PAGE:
Elena Bonner (1923-2011)
Human Rights Defender
“Until the party truly gives up all its wealth to the people who really earned it, everything, down to the last… rouble, Stalinism will still triumph and it will still triumph until we can establish the principle of sovereignty. Sovereignty of the individual, sovereignty of the family and home, sovereignty of every ethnic group and every state.” (during 1991 speech at the communist party).
The daughter of Gevork Alikhanov, a prominent Armenian communist, the secretary of Comintern, and Ruth Bonner, a Jewish Russian from Siberia, Elena Bonner grew up in the restless, cosmopolitan atmosphere of the Hotel Luxe in Moscow. She mingled with dissident writers and artists, and also helped political prisoners and their families. She was tried for “anti-Soviet agitation” and exiled to Gorky in 1984, the memoirs of which she published in her book Alone Together. Bonner has been a tireless advocate of the Nagorno-Karabakh issue since 1988, campaigned against the war in Chechnya and fought for the human rights and freedom of speech in other disputed regions. She is the founder of the Andrei Sakharov Archives at Brandeis University.
Here is an excerpt of her speech in Oslo in 2009:
“At the age of 14, I was left without my parents. My father was executed, my mother spent 18 years in prison and exile. My grandmother raised me and my younger brother. The poet Vladimir Kornilov, who suffered the same fate, wrote: “And it felt that in those years we had no mothers. We had grandmothers.” There were hundreds of thousands of such children. The writer Ilya Ehrenburg called us “the strange orphans of 1937”. Then came the war. My generation was cut off nearly at the roots by the war, but I was lucky. I came back. I came back to an empty house. My grandmother had died of starvation in the siege of Leningrad. Then came life in a communal apartment, six half-hungry years of medical school, falling in love, two children, and the poverty of a Soviet doctor. But I was not alone in this. Everyone lived that way.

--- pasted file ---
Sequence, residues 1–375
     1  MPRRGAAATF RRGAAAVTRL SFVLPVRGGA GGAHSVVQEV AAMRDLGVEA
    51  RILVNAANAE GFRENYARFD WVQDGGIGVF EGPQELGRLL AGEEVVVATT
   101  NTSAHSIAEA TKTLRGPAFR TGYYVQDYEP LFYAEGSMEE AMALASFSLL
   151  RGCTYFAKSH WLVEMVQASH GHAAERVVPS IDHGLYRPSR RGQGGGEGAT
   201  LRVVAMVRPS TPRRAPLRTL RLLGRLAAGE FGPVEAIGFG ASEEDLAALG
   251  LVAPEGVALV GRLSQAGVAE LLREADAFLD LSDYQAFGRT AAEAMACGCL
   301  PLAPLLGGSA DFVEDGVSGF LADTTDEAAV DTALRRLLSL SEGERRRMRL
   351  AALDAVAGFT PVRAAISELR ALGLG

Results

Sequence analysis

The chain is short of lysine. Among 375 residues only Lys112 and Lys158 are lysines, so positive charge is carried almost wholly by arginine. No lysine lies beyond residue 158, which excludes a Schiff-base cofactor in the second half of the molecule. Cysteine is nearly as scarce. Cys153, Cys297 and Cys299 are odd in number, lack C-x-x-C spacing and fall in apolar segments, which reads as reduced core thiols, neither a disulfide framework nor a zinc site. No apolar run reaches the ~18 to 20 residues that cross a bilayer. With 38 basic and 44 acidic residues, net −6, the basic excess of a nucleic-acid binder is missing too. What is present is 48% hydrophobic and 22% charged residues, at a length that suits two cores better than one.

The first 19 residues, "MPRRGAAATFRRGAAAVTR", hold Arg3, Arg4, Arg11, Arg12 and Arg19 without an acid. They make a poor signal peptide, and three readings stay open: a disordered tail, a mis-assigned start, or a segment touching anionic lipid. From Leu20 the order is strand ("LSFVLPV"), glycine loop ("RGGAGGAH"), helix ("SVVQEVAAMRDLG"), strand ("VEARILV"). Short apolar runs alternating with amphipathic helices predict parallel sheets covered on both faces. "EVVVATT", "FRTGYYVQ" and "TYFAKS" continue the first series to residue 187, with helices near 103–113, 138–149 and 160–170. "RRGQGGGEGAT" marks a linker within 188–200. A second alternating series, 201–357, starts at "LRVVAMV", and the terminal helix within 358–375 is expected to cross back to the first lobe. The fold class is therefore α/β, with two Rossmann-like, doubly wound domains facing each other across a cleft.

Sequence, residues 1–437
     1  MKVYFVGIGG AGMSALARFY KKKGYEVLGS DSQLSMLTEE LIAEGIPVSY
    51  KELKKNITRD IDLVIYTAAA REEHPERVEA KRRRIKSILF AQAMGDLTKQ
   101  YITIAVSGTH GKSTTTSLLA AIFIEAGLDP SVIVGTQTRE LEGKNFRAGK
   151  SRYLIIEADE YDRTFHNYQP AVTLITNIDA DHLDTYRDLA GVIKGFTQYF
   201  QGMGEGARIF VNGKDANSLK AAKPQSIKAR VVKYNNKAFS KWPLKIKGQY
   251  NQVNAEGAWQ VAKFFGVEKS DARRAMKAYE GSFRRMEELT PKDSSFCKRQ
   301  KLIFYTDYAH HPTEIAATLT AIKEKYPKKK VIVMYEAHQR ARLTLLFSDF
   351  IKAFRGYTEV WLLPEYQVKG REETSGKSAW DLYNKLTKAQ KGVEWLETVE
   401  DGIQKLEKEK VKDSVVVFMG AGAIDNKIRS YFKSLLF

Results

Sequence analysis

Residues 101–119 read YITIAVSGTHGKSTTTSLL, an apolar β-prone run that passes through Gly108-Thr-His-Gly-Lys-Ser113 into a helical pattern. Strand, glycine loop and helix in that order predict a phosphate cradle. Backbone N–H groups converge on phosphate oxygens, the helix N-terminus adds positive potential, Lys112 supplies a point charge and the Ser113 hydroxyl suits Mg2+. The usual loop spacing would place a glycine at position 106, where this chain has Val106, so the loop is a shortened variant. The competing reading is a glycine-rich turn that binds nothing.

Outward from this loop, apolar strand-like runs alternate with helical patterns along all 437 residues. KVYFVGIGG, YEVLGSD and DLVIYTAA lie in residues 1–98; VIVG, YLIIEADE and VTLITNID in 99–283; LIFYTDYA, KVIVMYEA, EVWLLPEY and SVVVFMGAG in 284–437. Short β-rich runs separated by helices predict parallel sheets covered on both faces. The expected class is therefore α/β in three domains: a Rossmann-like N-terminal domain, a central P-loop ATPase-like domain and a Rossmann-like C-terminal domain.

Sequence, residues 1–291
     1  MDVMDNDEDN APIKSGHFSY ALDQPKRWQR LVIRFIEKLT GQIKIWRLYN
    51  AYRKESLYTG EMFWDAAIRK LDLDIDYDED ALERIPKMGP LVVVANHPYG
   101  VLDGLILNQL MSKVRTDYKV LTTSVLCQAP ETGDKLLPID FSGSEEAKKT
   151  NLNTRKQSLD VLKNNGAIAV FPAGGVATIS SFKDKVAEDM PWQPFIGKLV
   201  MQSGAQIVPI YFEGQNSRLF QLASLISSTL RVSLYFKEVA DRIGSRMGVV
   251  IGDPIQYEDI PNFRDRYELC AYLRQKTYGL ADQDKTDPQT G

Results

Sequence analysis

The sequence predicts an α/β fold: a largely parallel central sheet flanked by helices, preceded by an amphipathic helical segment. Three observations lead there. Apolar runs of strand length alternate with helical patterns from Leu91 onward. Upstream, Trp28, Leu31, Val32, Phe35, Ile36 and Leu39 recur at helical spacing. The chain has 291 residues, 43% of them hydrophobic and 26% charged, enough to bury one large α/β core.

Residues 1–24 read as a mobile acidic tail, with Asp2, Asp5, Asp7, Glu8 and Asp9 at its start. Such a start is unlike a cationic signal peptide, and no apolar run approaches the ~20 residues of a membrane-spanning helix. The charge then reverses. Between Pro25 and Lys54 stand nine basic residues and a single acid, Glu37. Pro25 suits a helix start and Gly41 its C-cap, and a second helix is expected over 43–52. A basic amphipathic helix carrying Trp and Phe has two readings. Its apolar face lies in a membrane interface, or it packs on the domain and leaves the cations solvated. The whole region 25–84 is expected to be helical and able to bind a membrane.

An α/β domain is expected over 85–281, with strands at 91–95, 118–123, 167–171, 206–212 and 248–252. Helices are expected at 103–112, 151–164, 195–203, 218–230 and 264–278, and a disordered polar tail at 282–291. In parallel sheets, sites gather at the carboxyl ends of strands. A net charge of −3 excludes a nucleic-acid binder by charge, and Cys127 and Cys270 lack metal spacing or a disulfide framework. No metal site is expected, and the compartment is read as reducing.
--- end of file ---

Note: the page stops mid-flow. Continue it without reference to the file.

And then there was my dissident years followed by exile. But Andrei and I were together! And that was true happiness. Today, when I am 86, I try to sum up my life every day that I am still alive. And in summing up my life, I can do so in three words. My life was typical, tragic, and beautiful. Whoever needs the details — read my two books, Alone Together and Mothers and Daughters. They have been translated into many languages.”